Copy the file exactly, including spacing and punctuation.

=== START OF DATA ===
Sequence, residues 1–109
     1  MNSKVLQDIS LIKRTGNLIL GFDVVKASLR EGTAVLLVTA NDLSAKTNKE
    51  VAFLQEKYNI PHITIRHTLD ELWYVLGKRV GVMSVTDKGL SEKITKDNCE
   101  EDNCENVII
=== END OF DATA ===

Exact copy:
Sequence, residues 1–109
     1  MNSKVLQDIS LIKRTGNLIL GFDVVKASLR EGTAVLLVTA NDLSAKTNKE
    51  VAFLQEKYNI PHITIRHTLD ELWYVLGKRV GVMSVTDKGL SEKITKDNCE
   101  EDNCENVII